Owners of abandoned, blighted, and vacant properties on Saipan could be subjected to penalties of up to $1,000 per day, among other things, if they do not act on second and subsequent government warnings, once a bill that the House of Representatives passed on Wednesday becomes law.
Members debated Rep. Lorenzo I. Deleon Guerrero’s (Ind-Saipan) House Bill 18-71 or the Nuisance Abatement and Blighted Property Maintenance Act of 2013 before acting on the main motion to pass it.
Vice speaker Frank Dela Cruz (Ind-Saipan), for example, said the bill seems to legislate common sense since maintaining one’s own property should be common sense.
Dela Cruz said it is also “not fair” to penalize private property owners up to $1,000 a day, and not penalize the government for not doing something about its vacant and also blighted properties.
“[Private] folks couldn’t even cut the grasses [on their property], and then we ask them to pay $1,000 a day. I think we should go back to the drawing board and reassess this legislation,” he said during debate.
House Speaker Joseph Deleon Guerrero (Ind-Saipan) said the bill’s intention is good, adding that perhaps the Legislature can set aside more resources to the Division of Parks and Recreation, for example, to be able to clean up and maintain a lot of the government properties not currently in use.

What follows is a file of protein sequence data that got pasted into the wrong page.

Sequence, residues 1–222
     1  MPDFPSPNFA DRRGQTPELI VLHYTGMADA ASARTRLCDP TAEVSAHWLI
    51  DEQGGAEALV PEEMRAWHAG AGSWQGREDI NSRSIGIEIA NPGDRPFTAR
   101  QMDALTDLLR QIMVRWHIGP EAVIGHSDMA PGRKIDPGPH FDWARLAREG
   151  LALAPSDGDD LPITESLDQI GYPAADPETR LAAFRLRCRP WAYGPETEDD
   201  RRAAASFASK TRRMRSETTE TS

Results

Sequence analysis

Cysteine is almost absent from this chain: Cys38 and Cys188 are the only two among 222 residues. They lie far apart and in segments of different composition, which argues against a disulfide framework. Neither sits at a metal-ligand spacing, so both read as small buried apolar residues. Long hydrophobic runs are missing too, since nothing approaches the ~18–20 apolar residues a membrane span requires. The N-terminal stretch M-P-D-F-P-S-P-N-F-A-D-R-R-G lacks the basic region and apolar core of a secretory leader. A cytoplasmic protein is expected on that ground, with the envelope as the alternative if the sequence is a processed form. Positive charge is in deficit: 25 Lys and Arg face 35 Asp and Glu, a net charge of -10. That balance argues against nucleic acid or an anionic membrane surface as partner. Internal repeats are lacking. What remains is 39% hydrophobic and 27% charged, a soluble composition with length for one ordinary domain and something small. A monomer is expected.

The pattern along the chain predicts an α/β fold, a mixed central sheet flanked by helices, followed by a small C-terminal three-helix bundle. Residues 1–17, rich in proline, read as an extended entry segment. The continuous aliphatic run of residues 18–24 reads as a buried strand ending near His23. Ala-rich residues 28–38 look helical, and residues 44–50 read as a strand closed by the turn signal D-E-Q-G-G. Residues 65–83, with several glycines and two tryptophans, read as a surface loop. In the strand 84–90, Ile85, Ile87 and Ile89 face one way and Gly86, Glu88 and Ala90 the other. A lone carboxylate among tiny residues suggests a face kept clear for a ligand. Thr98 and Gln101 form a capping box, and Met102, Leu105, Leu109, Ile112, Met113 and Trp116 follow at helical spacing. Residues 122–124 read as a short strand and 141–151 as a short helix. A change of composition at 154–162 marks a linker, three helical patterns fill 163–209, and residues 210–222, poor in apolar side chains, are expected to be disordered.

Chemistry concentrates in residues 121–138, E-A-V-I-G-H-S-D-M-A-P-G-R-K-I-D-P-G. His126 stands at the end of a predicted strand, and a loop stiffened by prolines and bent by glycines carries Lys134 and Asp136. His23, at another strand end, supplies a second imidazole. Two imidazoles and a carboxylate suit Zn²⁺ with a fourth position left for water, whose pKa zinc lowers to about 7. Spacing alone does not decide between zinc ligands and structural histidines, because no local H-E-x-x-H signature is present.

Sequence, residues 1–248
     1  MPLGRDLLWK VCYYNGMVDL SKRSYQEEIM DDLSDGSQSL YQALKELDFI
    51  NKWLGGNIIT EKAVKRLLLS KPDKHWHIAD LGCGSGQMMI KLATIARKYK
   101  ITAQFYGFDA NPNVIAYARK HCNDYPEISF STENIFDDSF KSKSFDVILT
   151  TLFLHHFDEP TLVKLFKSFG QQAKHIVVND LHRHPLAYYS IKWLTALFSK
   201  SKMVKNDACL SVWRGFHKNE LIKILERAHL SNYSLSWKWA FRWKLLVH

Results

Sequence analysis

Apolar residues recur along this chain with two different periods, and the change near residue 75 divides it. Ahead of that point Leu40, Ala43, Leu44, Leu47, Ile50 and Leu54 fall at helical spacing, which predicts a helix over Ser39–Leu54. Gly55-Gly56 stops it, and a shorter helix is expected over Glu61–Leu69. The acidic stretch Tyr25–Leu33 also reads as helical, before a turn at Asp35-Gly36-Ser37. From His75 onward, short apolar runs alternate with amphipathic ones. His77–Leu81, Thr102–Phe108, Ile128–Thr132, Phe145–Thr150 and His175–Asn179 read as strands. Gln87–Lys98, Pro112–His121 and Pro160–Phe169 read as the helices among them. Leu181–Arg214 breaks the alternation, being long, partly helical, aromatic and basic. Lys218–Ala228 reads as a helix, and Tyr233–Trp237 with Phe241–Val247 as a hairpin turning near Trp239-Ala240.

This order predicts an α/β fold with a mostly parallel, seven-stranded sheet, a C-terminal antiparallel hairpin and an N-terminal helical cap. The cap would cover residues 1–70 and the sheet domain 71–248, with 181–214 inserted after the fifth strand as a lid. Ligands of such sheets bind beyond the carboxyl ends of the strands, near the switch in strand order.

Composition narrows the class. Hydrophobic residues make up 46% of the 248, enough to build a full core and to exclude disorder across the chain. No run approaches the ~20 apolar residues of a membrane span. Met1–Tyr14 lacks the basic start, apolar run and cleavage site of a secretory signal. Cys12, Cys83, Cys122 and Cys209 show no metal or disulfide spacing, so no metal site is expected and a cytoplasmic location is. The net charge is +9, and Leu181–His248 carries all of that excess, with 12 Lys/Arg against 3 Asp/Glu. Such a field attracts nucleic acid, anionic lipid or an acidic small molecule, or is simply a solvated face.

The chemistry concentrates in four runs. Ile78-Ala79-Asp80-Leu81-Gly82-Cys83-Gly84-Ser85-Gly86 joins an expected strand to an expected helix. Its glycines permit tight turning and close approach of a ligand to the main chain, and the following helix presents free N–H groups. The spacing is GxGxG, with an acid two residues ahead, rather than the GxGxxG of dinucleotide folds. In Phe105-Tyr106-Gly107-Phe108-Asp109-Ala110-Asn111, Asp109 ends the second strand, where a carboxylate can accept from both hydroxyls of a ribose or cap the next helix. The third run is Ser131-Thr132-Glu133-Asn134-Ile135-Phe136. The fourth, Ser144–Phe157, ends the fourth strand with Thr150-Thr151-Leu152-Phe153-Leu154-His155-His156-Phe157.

The bill passed by a vote of 17-0 with Rep. Christopher Leon Guerrero (Cov-Saipan) voting “present” and two absences.
HB 18-71, House Draft 1, House Substitute 1 now goes to the Senate for action.
Over the years, Saipan has seen a lot of abandoned, blighted, and vacant properties that create increased safety and security risks to the community, including unsecured or open doors and windows, broken water pipes, theft of metals and other materials, overgrowth of grass, weeds, shrubs and bushes, illegal dumping, and rodent and vermin activity.
Neglect devalues these properties and causes deterioration in residential, industrial and commercial areas.
The biggest risk that blighted properties present to the community is safety risks, according to the bill because they “create a haven for crime.”
Under the bill, the Commonwealth Zoning administrator is required to issue a warning notice to any violator 60 days before any penalties are imposed.
When a warning is issued and is not acted upon, penalties begin to accrue including a minimum of $200 fine and any other penalties authorized under CNMI law for the first offense.
Second and subsequent offenses are subject to penalties of up to $1,000 per day, among other things.
Fines and penalties collected are to be transmitted to the Finance secretary for deposit in a separate property maintenance revolving fund account within Finance. This fund will be available for use by the Commonwealth Zoning Office without further appropriation.